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Raspberry Pi in Lightweight Grid

I have 2 RPi's at the moment and I'm trying to combine them. I have launched 2 remote kernels, but I can't parallelize them. I think Lightweight Grid should help, but this library can't be connected on Wolfram Language. What am I doing wrong? This tutorial doesn't work for me
(Raspberry Pi 1) In[16]:= Needs["LightweightGridClient`"]

During evaluation of (Raspberry Pi 1) In[16]:= Get::noopen: Cannot open LightweightGridClient`.
During evaluation of (Raspberry Pi 1) In[16]:= Needs::nocont: Context LightweightGridClient` was not created when Needs was evaluated.
(Raspberry Pi 1) Out[16]= $Failed

And is there any other ways to combine remote kernels?
POSTED BY: Himura Kazuto
4 Replies
Himura,

I added an example on how you can connect two Wolfram Language engines over a network connection:

http://community.wolfram.com/groups/-/m/t/216742

Let me know if that works for you.

Once that works, it's relatively straightforward to extend this method to more than two Raspberry Pi's.
POSTED BY: Arnoud Buzing
Posted 11 years ago
Himura-San, your question is indeed very interesting.
I saw the following posting in google plus.
I would appreciate comments from WRI if the following type of configuration could be leveraged.

Raspberry Pi 64-Node Supercomputer with LEGO
http://adafru.it/b98686

A team of engineers from University of Southampton have made this incredible 64-node supercomputer with Raspberry Pis and LEGO. The video above shows how they did it and you can access the full tutorial here.Computational Engineers at the University of Southampton have built a supercomputer from 64 Raspberry Pi computers and Lego.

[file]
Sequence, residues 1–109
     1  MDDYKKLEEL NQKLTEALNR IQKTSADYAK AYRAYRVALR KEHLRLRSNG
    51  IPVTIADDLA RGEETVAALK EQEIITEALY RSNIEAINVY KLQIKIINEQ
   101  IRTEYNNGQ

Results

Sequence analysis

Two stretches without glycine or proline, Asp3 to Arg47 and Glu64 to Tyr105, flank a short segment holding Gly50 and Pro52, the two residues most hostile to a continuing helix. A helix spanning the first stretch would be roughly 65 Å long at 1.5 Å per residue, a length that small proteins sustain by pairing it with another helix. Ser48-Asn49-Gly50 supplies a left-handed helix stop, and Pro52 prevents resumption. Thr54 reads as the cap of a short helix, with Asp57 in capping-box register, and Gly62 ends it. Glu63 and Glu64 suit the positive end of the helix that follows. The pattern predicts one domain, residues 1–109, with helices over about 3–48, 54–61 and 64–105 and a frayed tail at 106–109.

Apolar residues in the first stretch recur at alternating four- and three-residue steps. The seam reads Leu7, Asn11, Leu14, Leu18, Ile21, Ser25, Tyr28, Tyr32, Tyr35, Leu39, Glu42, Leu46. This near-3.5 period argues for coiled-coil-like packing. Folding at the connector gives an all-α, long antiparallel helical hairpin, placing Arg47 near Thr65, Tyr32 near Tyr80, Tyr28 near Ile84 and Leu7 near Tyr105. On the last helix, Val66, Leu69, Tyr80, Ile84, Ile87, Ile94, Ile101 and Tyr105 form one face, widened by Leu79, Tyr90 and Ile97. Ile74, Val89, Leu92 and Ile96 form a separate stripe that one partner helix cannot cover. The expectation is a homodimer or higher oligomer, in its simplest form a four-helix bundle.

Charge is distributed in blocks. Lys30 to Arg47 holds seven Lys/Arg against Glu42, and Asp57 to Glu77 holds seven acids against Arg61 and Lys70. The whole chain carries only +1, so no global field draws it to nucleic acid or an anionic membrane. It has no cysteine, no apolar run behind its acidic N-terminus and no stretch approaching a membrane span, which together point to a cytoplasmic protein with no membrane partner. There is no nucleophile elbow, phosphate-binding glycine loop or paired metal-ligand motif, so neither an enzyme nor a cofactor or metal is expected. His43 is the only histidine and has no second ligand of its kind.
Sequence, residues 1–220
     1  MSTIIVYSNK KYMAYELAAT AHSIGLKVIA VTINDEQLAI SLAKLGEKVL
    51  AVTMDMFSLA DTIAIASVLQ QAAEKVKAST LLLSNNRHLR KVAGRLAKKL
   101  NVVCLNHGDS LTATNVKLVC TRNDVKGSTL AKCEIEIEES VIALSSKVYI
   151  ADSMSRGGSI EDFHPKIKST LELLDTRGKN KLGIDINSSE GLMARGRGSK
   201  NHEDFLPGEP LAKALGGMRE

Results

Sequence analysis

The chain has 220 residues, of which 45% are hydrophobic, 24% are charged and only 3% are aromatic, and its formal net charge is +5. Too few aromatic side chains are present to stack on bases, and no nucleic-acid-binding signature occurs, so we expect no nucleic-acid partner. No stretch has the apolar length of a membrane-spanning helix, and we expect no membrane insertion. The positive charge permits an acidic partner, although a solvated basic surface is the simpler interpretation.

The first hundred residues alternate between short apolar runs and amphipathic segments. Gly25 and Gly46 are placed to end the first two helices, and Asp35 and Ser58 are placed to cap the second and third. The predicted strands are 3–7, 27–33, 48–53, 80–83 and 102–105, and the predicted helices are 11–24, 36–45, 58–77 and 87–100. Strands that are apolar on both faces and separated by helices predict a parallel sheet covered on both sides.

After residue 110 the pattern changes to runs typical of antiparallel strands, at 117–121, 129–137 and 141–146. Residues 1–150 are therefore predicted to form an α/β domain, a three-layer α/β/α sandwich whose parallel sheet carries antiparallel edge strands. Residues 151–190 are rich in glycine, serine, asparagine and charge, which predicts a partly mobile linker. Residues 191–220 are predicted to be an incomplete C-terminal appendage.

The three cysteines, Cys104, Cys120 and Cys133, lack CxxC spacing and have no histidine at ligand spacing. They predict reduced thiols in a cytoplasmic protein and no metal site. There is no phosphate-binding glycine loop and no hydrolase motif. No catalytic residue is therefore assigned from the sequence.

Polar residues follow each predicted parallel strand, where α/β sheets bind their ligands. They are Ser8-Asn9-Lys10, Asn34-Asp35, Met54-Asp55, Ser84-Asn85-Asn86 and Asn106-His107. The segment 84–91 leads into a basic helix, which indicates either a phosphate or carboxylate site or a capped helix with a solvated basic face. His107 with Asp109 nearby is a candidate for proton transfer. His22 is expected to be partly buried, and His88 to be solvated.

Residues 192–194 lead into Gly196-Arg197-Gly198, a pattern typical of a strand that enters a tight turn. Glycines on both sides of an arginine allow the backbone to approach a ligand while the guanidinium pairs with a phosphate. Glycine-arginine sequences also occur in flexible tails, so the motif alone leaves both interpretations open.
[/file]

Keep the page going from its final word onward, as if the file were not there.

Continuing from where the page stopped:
The team, led by Professor Simon Cox, consisted of Richard Boardman, Andy Everett, Steven Johnston, Gereon Kaiping, Neil O’Brien, Mark Scott and Oz Parchment, along with Professor Cox’s son James Cox (aged 6) who provided specialist support on Lego and system testing.
Professor Cox comments: “As soon as we were able to source sufficient Raspberry Pi computers we wanted to see if it was possible to link them together into a supercomputer. We installed and built all of the necessary software on the Pi starting from a standard Debian Wheezy system image and we have published a guide so you can build your own supercomputer.”

Read more: http://adafru.it/b98686 #piday #raspberrypi?
Read more (23 lines)
POSTED BY: Diego Zviovich
Have you tried watching videos in:

gridMathematica channel

especially this one:

Using the Wolfram Lightweight Grid System
POSTED BY: Sam Carrettie
So does it mean that I have no any ability to parellelize remote kernels until I buy gridMathematica?
POSTED BY: Himura Kazuto
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